Monday, December 18, 2006

A 'Langley bag' finished.

Front, detail of front, back. The fabrics are silk, the tassel is rayon threads, the embroidery - feather stitch with beads, laced herringbone - done with stranded cotton. The cord is used as a drawstring. I do like this shape.

Tuesday, December 12, 2006

Fabric bookmaking workshop – first attempts!!

This day-long workshop by Carol Stow introduced us to lots of techniques (stencilling or stamping onto cloth, transferring images using an inkjet printer, burning, overlaying) and materials (‘Polyshrink’, ‘Tyvek’, ‘Model Magic’, etc). We were encouraged to try them all, whether we thought we would like the end results or not – what an opportunity! It was assumed we could all stitch, so the more technical methods that were new to many of us took priority. My first attempts are unfinished, but have given me courage to try new ideas and materials in the future.
“Flowers” page
The fabric was dyed with fruit tea! Motifs were then stamped on, pressed flowers were stuck on, and appliqués were created using shapes burnt out of fabric with a soldering iron and using “Polyshrink” (a film which shrinks on heating with a hot air gun). The final page should be waxed (repeatedly rolled with a household candle and ironed under newspaper) to integrate all the motifs and make them less vulnerable.

“Autumn” page
The fabric was dyed with normal tea. The leaf motifs were stamped on, then the wording was layered on with fabric shapes burnt out using a soldering iron. A leaf motif was created using a modelling medium called “Model Magic” (feels like putty and dries out on contact with air). This can be embellished with paints, gilding, beads, etc, and can be stitched to the background. The final page should be waxed (see above).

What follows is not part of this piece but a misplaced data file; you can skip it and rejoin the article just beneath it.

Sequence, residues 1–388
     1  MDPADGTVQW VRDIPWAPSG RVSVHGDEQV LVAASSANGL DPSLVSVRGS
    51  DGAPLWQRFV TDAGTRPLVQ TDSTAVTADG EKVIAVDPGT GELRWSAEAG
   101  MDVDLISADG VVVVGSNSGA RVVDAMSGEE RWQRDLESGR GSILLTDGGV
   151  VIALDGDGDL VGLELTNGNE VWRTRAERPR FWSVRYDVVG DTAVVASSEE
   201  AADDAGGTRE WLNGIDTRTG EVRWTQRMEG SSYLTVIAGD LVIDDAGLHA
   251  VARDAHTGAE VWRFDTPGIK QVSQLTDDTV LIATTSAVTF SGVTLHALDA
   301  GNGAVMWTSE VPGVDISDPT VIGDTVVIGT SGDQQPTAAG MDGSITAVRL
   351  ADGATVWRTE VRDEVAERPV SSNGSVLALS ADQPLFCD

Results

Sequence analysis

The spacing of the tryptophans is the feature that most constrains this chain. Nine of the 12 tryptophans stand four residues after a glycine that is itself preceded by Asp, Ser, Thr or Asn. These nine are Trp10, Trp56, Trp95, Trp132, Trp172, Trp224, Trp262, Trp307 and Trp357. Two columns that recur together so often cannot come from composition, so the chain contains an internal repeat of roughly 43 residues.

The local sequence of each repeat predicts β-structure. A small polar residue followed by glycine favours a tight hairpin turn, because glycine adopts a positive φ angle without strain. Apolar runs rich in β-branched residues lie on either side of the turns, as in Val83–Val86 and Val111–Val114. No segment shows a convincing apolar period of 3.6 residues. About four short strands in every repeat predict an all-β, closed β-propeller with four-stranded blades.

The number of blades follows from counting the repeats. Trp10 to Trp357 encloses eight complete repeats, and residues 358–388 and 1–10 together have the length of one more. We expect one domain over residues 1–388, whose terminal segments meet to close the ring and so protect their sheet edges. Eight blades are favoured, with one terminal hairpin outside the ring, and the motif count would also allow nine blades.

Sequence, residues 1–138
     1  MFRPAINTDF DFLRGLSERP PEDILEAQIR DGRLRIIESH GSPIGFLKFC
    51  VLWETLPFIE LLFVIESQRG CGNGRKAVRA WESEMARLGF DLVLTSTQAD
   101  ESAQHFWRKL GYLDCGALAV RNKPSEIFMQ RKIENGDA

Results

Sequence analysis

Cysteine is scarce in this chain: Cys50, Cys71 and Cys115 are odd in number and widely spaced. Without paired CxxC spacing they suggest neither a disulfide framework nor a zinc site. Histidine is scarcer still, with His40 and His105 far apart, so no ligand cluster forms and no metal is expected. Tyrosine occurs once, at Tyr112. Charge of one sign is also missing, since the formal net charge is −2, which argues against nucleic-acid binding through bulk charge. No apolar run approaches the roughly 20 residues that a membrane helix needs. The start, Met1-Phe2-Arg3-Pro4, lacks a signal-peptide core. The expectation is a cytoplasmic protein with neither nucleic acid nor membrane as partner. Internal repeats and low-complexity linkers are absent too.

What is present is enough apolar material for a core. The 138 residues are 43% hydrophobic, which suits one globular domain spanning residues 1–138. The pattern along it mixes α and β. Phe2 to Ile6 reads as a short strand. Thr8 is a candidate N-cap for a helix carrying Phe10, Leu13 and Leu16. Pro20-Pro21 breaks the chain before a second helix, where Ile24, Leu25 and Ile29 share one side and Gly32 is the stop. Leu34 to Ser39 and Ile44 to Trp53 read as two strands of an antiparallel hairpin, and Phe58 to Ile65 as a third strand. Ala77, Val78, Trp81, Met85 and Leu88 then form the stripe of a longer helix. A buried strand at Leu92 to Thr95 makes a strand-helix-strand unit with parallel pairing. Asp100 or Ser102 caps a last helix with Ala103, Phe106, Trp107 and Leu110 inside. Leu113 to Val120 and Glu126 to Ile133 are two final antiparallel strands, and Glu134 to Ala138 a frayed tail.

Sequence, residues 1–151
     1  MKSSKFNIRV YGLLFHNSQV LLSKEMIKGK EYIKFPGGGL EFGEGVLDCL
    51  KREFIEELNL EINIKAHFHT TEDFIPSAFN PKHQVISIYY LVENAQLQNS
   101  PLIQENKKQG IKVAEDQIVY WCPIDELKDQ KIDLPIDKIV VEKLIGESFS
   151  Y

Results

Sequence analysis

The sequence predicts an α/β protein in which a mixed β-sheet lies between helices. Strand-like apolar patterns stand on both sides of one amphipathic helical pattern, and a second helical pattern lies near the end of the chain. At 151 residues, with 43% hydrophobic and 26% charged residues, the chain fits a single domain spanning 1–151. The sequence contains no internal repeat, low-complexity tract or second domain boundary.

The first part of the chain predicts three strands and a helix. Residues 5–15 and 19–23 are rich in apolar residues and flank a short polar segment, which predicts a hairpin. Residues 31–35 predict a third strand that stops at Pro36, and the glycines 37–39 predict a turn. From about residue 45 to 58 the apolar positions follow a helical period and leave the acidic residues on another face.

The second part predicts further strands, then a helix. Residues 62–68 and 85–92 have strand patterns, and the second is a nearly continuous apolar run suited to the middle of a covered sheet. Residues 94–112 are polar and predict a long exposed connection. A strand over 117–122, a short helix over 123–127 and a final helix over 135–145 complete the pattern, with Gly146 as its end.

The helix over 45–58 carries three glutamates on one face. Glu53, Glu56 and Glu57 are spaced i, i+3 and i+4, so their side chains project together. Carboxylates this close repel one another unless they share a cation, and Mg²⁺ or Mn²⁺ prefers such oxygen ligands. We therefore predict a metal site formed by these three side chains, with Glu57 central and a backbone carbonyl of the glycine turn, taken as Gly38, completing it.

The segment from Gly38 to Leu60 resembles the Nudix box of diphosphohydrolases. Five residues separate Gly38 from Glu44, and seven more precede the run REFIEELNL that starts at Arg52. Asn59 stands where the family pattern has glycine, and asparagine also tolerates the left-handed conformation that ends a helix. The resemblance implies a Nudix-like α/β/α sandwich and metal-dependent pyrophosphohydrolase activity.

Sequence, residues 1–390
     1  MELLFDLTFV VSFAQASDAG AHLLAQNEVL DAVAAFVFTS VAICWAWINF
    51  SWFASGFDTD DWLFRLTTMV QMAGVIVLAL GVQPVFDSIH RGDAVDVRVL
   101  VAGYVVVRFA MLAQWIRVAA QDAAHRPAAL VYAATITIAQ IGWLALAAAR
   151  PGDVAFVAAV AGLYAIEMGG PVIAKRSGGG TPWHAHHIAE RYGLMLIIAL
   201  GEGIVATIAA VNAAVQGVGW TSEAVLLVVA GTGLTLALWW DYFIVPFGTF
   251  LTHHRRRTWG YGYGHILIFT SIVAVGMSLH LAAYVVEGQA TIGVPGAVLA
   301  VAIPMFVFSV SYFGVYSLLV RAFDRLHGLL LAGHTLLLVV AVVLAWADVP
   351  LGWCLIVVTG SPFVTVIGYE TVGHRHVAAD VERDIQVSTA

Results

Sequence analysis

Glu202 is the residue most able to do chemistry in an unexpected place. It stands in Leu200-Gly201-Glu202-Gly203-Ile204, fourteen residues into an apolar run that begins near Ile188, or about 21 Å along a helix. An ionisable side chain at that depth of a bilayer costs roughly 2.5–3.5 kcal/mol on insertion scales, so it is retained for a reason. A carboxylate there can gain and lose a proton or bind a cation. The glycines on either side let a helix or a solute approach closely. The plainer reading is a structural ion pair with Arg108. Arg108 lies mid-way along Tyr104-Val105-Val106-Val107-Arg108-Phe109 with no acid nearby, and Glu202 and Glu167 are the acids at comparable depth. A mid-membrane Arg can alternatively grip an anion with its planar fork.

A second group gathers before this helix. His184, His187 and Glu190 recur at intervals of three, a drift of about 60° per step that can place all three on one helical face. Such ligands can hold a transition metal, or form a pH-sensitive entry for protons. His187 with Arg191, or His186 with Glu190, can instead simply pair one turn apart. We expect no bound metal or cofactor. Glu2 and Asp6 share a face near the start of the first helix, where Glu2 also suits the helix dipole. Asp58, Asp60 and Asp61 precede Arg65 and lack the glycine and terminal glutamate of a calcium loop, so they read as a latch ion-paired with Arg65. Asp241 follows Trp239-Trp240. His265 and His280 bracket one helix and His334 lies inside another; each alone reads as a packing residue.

Hilary Fish, Dec 2006.

These 3 pages are Barbara's, worked on quite a lot more since, using stamping, felt tip pens, craft vilene, puff paint, beads, cellophane, couched threads and acrylic paint.

Silk Museum workshop . . .

. . . making a 'Langley Bag'. So-called because the pattern came from silk works at a place called Langley. Margaret Waring, our current chair of the Macc EG branch, had prepared packs of everything needed to make the bag, including pieces of silk from the Heritage Centre shop, and ably led us through the process, in a nice light room at the Centre. The first bag pic is one of a number of bags brought out of the collection by the curator to give us some inspiration. This pattern is an interesting shape! Sorry the second one, made by Margaret, is sideways, I can't find a way to turn it round! There will be more pics of finished bags, or B(ags) I(n) P(rogress)s eventually.